Two federal lawsuits are taking aim at rules in Washington and Maine that critics say unconstitutionally discriminate against religious schools and faith-based organizations when it comes to access to public funding.
In light of the U.S. Supreme Court's ruling last year in favor of a Lutheran church's request for state playground revitalization funding, the educational choice advocacy group Institute for Justice has taken up two cases on opposite ends of the country that center around similar prohibitions against government education grants going to religious institutions.
In Maine, the organization has taken on the case of three families who filed a legal challenge this week against the state's policy of excluding religious schools from the state's school choice program.
As some towns in Maine are too small to warrant their own public high schools, the state gives families in those "tuitioning towns" the money the state would use to educate the children to spend on educating the kids at schools of their choice — whether private or public. However, families are not allowed to use that money to send their children to religious schools.
Aided by the First Liberty Institute in the case, the Institute for Justice argues that such a restriction on religious schools in Maine's tuitioning program flies in the face of the Supreme Court's 2017 ruling in the Trinity Lutheran Church v. Comer case.
In the Trinity Lutheran ruling, the court held that a Missouri rule blocking government funding from going to churches — even for secular purposes like playground advancements for daycare centers — violates the First Amendment of the U.S. Constitution.
"By prohibiting tuition payments for children whose parents choose to send them to sectarian schools, it forces parents to either forgo the benefit of tuition funds for their child or forgo their right to send their child to the school of their choice," the lawsuit filed with the U.S. District Court of Maine states. "Defendant has no compelling, substantial, or even legitimate interest in denying tuition-eligible students and their parents sectarian options while allowing private secular options."
In Washington state, the Institute for Justice has taken on the case of Summit Christian Academy in Spokane and students from Whitworth University. They filed a joint complaint last week over the state's exclusion of religious organizations from a work-study program.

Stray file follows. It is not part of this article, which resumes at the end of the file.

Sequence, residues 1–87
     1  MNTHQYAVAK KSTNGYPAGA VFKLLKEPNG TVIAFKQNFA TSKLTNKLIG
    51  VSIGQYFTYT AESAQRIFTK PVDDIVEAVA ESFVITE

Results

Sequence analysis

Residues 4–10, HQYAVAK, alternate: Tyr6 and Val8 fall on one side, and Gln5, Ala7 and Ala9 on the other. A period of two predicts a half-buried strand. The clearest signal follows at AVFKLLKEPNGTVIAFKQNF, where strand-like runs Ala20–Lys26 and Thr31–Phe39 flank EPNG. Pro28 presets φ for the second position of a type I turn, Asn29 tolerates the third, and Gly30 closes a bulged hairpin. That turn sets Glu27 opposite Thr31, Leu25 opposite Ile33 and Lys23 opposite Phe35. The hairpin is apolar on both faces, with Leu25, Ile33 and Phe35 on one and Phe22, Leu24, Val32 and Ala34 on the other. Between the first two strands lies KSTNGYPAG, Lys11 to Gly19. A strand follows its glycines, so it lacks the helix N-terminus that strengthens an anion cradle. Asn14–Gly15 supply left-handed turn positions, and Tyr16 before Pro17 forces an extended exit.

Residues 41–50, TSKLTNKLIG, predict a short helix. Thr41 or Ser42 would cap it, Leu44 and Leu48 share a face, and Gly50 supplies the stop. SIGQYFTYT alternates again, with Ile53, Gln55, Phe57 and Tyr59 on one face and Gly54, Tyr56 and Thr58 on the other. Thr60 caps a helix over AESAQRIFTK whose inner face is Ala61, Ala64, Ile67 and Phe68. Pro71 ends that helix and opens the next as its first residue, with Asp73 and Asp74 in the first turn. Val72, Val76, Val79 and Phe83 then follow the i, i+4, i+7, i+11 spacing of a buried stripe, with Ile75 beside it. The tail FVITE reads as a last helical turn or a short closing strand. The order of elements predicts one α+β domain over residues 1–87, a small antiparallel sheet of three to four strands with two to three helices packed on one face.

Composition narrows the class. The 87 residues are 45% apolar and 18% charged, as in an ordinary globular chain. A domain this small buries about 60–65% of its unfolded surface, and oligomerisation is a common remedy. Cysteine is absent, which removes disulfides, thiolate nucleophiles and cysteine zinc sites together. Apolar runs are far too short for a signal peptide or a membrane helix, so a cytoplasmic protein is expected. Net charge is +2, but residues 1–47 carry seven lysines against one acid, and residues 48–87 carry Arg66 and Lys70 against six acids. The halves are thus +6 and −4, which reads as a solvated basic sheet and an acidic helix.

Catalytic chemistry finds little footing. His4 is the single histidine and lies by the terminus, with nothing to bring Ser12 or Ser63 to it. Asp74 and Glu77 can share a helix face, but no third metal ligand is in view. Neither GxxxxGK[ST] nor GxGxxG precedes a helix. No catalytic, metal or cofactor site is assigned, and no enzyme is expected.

In the Evergreen State, the government operates a program that pays for a portion of a college student's wages while they work part-time jobs that are usually related to their areas of study. While students are allowed to work for public, private, for-profit and nonprofit employers, employers that are sectarian in nature are excluded from the program.
That means that employers like the Summit Christian Academy or any other faith-based entity would not qualify to receive funds as part of the work-study program.
Summit Christian Academy wants to be part of the program so it can have help in paying college students to tutor its students.
"Washington's exclusion of sectarian options from the Work-Study Program is a clear-cut case of religious discrimination," Michael Bindas, a senior attorney with the Institute for Justice, said in a statement. "The U. S. Constitution requires government to be neutral toward religion, not hostile. By denying work-study opportunities to students simply because they desire to work for a religious employer, Washington is running afoul of the First Amendment."
Bindas and fellow Institute for Justice attorney Tim Keller (not to be confused with the popular pastor and author with the same name) wrote a recent op-ed published by The Wall Street Journal explaining the importance of the two cases.
Along with Trinity Lutheran, the attorneys cited the 2002 Supreme Court case of Zelman v. Simmons-Harris, which was also litigated by the Institute for Justice.
"[T]he justices held that school-voucher programs that include religious options don't violate the Constitution," the attorneys wrote. "The decision established a simple test for determining whether such programs are permissible: The government must remain neutral with regard to religion — neither favoring nor disfavoring it — and the participants must exercise a genuine choice between religious and nonreligious options."
The lawyers noted that there are a number of states in the U.S. that have instituted rules similar to what is called the "Blaine Amendment," named after Republican Maine Sen. James G. Blaine, who introduced a failed amendment to the U.S. Constitution in the 1800s that would have prohibited government funding for so-called "sectarian" schools.
Although the amendment failed to pass at the federal level, more than two-thirds of states have passed similar amendments to their state constitutions.
"Although Maine never incorporated such language into its constitution, the decision to ban religious schools from the education program accomplished a similar result," Bindas and Keller wrote. "Washington's constitution does contain Blaine language, and it is the reason cited by the government for excluding sectarian employers from its work-study program."
"The Supreme Court has made clear that Blaine Amendments and other discriminatory government regulations don't square with the First Amendment," the op-ed concludes. "It is time for federal courts to follow Zelman and Trinity Lutheran and give families across the country the full freedom of choice that is their right."